Go to contents

Poet Jeong Ho-seung says poems stayed with him all the time

Poet Jeong Ho-seung says poems stayed with him all the time

Posted October. 01, 2022 07:25,   

Updated October. 01, 2022 07:25


"There was a time when I had not written a poem for 15 years because I had to go to work. I am a poet who once abandoned poems, but they never gave me up. I would first like to express my gratitude to the poems that have led me through over 50 years like a mother who holds her son's hand to guide him."

On Thursday at a place in Mapo District, Seoul, Korean poet Jeong Ho-seung commenced his speech for the "book talk," celebrating the 50th year of his debut by thanking poetry first. He debuted in 1972 and released poems that opened a new era in the history of Korean lyric poetry, including "To Joy From Sorrow" in 1979 and "Humans Are Meant to be Lonely" in 1998. However, he confessed that there was a time he had to give up writing poems because he had to make a living for his family.

"The fact that I'm already over 70 is more shocking to me than that I had been writing poetry for 50 years,” he said. "I've wondered what I have been doing for the past 10 years and realized that I just published a couple of books of poems and ate a lot every day."

The 72-year-old poet said that jokingly but is still serious and eager about writing poems. He unveiled his 14th book of poems titled "Sorrow Brought by Delivery Service" on September 23, two years after his compilation "Searching for You" was released in 2020.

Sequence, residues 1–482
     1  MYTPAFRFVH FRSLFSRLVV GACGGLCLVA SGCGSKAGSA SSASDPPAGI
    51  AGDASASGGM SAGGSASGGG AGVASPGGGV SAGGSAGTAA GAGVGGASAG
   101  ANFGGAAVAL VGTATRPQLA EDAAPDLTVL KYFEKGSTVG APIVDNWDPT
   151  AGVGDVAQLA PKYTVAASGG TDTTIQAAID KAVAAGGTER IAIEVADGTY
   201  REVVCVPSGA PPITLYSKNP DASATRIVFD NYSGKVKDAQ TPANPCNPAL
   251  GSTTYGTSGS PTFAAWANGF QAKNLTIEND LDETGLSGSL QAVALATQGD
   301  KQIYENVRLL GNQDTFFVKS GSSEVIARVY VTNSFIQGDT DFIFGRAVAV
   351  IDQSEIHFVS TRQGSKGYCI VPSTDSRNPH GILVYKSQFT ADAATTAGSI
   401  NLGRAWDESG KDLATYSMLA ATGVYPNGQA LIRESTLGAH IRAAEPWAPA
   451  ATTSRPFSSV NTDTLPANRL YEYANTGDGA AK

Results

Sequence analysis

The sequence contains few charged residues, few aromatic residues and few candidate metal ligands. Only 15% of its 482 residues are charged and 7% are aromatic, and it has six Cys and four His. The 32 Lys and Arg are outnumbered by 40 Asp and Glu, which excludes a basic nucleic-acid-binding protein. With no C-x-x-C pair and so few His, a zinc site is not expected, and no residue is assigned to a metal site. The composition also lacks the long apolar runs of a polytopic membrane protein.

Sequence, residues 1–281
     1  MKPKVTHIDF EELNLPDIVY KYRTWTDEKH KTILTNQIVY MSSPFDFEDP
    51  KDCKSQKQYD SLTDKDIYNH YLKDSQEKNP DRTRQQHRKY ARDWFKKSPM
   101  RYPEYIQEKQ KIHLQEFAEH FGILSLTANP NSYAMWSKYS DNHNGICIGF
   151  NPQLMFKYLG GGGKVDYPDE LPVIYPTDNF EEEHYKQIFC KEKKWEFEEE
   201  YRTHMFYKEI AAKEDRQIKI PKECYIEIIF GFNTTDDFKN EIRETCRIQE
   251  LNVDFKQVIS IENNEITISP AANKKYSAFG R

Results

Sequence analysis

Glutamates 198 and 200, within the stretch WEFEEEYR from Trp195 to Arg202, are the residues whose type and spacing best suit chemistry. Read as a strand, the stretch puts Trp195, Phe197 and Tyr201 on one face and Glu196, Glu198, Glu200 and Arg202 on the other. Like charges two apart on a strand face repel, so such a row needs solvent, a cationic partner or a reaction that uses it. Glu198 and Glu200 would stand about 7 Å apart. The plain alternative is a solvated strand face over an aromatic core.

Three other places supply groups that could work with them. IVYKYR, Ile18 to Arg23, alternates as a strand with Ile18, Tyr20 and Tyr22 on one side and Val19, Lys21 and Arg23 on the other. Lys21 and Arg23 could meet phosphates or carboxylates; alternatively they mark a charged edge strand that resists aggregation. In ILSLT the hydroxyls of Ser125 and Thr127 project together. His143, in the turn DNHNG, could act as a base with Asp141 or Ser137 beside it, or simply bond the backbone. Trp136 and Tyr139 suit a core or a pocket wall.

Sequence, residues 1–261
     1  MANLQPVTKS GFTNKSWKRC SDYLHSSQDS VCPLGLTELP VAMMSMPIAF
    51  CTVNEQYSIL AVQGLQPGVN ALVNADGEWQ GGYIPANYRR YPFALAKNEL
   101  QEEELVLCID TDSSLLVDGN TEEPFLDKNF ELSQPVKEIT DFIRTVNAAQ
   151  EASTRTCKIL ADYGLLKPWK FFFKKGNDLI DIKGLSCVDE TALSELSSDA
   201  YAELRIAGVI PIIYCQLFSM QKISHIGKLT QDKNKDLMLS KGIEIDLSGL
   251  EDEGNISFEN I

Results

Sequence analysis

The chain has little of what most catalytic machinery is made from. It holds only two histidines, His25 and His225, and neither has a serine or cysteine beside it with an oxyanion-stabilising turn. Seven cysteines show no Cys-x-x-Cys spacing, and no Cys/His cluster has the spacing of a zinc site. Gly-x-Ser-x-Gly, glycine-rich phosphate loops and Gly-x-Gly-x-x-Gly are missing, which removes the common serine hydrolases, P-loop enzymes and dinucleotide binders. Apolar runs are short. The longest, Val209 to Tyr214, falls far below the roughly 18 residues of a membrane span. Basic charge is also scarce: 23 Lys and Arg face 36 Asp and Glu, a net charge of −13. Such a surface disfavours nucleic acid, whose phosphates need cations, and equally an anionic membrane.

At the book talk, Jeong himself recited his poems calmly. A middle-aged reader with grey hair kept eyes closed while savoring the reciting, whereas some young female fans recorded the scene with their smartphones. They came from all walks of life in different age and gender groups, but they were one when listening to the recitation.

"Sorrow was brought by delivery service / I do not know who sent it / No name nor address of the sender on the box / I hurriedly tear open the box and the wrapping paper / But I can't find the sorrow anywhere inside." (excerpt from the poem "Delivery")

A letter that stands out in his latest compilation is "rak,” a Chinese character meaning "fall." It is included in six of his works in the book, including the poem titled "Fallen Fruit" that goes something like "That I fall onto the ground means / that I take responsibility." Jeong said he was inspired by a rotting quince fallen on the ground and giving off strong scent during his walk around his residential complex.

"As I get older, I often think about how to wrap up my life and take responsibility for it. If you are looking for a poem, look back on your life. You will be able to find the poem there (and don't have to write one yourself)."